Our 1954 Ford 600 tractor at the build site for our cabin. Photo by Fala Burnette
My first memory of an older tractor was the discolored, rusty Ford that continued to serve its purpose on my Grandmother’s farm. It was by no means the piece of fine restoration you’d see parked in a line at the local tractor club show. This tractor wasn’t pretty on the outside, but the true beauty of it was shown through its continual hard work in keeping the garden tilled and firewood hauled from the back woods. In later years, it became replaced by a brand new tractor, but continued to give rides around the farm to all the grandchildren.
To read the stories of those who have restored antique tractors sometimes deeply touches the heart. A once parked, rusted form has new life breathed into it in memory of someone who has passed away. Sometimes, they’re even given a new coat of paint that pays tribute to our military, or shows support for cancer awareness. These tractors then remain a part of the continued story of an individual or family, by representing what is important to them. However, as I’ve mentioned, the beauty of a tractor doesn’t have to lie in show quality. Like that rusted Ford I knew as a kid, sometimes the real value comes in their continued use and practicality.
Take time to reflect on someone you may know that has a tractor dating from the 1960s and back. Can you name someone who has one, and if so, what do they use it for? Parades and shows actually serve as valuable tools in educating younger generations (and exchanging information with other antique tractor enthusiasts to share tips and talk shop). For those who still have their tractors working hard, think about the jobs they do and the purpose they serve around the farm.
On a personal level, our family has become deeply attached to a 1954 Ford 600 that we bought after we were married. We invested money left over from selling my truck, and my husband then started helping Mr. Scott Railey build up the floor of his corn crib in the homesteader’s handshake that was a fair trade of work for the rest. Scott had restored this tractor himself, and used it to spread fertilizer and plant seed for his wildlife plot. The old Ford, fondly named “Moose” by previous owners (which we kept, and still call it) was brought home to continue working hard.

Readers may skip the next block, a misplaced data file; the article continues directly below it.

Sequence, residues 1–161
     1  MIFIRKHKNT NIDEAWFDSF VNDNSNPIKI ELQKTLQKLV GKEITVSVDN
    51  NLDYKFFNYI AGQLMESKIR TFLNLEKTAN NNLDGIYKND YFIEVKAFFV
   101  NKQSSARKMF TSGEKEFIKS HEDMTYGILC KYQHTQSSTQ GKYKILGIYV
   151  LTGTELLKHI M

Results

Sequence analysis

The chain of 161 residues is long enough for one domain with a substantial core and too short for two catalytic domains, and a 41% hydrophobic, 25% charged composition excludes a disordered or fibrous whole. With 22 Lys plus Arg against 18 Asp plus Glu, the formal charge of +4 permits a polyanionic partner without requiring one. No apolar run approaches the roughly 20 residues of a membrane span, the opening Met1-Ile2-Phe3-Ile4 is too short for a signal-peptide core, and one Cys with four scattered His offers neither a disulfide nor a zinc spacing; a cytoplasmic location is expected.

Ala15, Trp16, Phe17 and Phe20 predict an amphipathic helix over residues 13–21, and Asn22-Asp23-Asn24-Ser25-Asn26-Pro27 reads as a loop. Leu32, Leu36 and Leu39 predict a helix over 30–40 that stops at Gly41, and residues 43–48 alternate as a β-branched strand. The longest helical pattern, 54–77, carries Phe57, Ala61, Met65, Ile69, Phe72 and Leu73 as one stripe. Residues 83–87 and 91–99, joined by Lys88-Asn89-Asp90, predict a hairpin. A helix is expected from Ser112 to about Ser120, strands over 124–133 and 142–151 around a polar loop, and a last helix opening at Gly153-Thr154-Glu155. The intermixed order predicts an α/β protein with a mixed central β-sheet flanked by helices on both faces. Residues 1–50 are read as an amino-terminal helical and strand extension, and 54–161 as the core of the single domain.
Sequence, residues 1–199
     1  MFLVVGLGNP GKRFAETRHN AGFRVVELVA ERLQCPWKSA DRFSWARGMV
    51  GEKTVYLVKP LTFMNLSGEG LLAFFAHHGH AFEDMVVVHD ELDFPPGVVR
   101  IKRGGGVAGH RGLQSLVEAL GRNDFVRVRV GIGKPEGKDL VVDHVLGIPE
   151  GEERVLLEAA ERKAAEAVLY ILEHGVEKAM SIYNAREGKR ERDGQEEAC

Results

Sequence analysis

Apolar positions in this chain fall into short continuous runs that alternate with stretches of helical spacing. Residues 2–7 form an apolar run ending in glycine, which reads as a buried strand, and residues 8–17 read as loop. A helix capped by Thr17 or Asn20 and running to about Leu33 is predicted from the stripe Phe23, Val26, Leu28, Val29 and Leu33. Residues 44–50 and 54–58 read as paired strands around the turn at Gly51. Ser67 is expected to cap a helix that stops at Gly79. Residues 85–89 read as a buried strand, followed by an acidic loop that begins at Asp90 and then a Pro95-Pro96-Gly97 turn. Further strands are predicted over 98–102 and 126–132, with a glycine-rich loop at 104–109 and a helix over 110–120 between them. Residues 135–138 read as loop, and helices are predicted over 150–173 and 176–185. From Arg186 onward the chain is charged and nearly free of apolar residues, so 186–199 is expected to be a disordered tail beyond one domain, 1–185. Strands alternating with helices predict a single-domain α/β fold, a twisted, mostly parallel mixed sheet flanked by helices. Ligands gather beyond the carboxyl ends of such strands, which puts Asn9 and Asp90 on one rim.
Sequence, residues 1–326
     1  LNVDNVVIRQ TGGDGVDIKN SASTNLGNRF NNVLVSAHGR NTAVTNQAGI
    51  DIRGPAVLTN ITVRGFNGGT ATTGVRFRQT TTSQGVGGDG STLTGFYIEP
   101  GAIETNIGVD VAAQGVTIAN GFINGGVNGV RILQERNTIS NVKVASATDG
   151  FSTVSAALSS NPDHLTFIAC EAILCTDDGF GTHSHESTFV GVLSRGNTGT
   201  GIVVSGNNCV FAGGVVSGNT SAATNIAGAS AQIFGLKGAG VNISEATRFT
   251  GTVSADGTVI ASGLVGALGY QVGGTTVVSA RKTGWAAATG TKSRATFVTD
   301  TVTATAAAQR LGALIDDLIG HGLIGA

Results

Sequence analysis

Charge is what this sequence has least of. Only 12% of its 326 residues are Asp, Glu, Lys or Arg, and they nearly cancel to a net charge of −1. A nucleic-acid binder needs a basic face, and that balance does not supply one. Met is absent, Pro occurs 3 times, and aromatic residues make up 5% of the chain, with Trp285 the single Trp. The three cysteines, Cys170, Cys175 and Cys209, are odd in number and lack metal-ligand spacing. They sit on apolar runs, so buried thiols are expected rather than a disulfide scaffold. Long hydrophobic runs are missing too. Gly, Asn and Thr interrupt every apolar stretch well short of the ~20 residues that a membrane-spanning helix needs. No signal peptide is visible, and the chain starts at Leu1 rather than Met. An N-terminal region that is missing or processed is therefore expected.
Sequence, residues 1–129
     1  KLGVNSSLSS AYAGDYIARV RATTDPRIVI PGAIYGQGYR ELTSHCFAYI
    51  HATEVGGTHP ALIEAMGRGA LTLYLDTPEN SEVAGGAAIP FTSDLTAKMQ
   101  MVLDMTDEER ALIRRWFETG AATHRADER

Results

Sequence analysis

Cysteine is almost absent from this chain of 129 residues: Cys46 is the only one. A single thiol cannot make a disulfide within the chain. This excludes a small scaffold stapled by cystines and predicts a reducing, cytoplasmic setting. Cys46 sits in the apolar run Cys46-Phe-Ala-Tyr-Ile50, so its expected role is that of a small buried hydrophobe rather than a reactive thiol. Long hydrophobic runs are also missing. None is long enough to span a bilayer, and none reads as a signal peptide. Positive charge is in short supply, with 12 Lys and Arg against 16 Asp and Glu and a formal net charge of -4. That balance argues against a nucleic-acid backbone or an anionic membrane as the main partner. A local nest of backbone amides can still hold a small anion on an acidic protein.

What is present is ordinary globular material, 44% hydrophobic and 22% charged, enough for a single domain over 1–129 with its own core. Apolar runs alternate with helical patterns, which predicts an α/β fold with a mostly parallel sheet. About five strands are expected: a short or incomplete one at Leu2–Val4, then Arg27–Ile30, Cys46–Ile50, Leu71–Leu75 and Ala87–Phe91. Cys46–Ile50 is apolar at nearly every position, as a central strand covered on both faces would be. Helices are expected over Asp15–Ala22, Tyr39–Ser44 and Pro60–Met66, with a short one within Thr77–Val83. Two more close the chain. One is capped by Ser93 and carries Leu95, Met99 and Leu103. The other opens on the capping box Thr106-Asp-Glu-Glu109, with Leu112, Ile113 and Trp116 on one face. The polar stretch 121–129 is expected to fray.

It was then that our tractor earned the right to be “priceless” by becoming such an invaluable part of our homestead. Its very first job was to haul logs to the sawmill to cut wall boards for the growing corn crib of Mr. Railey. In time, we began building a cabin ourselves with rough cut lumber. We used that tractor to haul every single log to the mill, and the respective boards back to the build site. Over the years, we have used it to plow and till our garden as well. If that wasn’t enough to call the tractor priceless, we lost our cabin in early 2018 to an accidental house fire. Ready to get back to work, Moose began yet again dragging logs to the site for an actual log cabin to be built, and was used to maneuver the logs into place before being rolled up.
This 64 year old tractor has been used for farming from the very start, and serves its purpose mainly for logging today. To label it “practical” would be an understatement almost for me, because it has been one of the most important additions to our home. For so many people like us, these antique tractors tell a story of farming and family back to their first days.
In a time where television ads for the newest tractor are common, never overlook the capability of older tractors when considering a future purchase. By checking in your local sale papers, or having a look at internet classifieds, you may be able to find an individual looking to part with their antique. Don’t be afraid of a tractor that needs some work, as there are many different stores online that you can order replacement parts from and have shipped to your door. Maybe you will become inspired to set aside time here and there to restore one that has been in your family. Either way, I hope you will consider making new memories with an old tractor.
Fala Burnette is a homesteader with her husband at Wolf Branch Homestead in Alabama. They are currently building their own log cabin and milling their own lumber, along with raising heirloom crops in the Spring and tanning furs during the Winter. Read all of Fala’s MOTHER EARTH NEWS posts here.
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